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Otherwise, as AF said, it should be made to look and feel static. Whether or not it really is static or dynamic will depend on the tools used to make it and the services offered by the host.
Depending upon the type of site, there are content management systems that reside on the server and build dynamic sites. There are also data base driven techniques that will build static pages on your PC for upload to the server.
And of course, there is hand coding of html or use of WYSIWYG programs (such as Front Page), or combinations.
In other words, there are many considerations, depending, in part, on what kind of site you are building.
This will allow you to dynamically change your colors/advertising/menu/etc... without having to re-publish every page on your site. You'll never know how many changes you want to make to your site until you have to republish every one of them every time!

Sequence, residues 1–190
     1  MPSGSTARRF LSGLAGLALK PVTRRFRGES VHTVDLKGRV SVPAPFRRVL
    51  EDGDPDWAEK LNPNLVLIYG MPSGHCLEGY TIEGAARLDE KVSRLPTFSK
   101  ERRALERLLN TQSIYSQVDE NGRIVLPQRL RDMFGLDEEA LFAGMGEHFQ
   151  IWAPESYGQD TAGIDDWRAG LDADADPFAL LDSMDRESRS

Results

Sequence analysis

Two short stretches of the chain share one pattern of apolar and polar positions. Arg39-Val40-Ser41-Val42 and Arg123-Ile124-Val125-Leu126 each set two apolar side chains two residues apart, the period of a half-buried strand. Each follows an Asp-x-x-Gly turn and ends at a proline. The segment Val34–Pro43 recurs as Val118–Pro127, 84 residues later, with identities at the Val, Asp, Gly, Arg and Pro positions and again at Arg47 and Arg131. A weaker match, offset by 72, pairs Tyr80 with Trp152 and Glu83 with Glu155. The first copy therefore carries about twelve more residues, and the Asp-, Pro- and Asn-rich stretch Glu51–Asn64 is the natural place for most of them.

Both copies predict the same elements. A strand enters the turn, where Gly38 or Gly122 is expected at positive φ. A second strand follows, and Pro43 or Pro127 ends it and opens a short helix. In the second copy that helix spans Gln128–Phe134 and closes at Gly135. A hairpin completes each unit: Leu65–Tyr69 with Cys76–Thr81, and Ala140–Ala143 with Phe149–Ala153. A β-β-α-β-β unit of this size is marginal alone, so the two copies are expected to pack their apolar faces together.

Dynamic. Even the simplest of sites I do now have includes, CSS, and a database.
I would not think of CSS as necessarily being dynamic.
One factor is size, another (as dcheney pointed out) is how often it changes. On a small site it is simple enough to make occassional changes on many pages by opening them up in an editor (wysiwyg or html, I prefer editing html) and cutting and pasting. I maintain one site for a local organization. Every couple of weeks I get a little more information about a future meeting, change in committee assignments, etc. I can edit the affected pages and upload them in just a few minutes.
I have also built larger sites using a database on my computer with a VBA program that builds the static pages, and I upload them. I would consider the pages static although they are created by a database.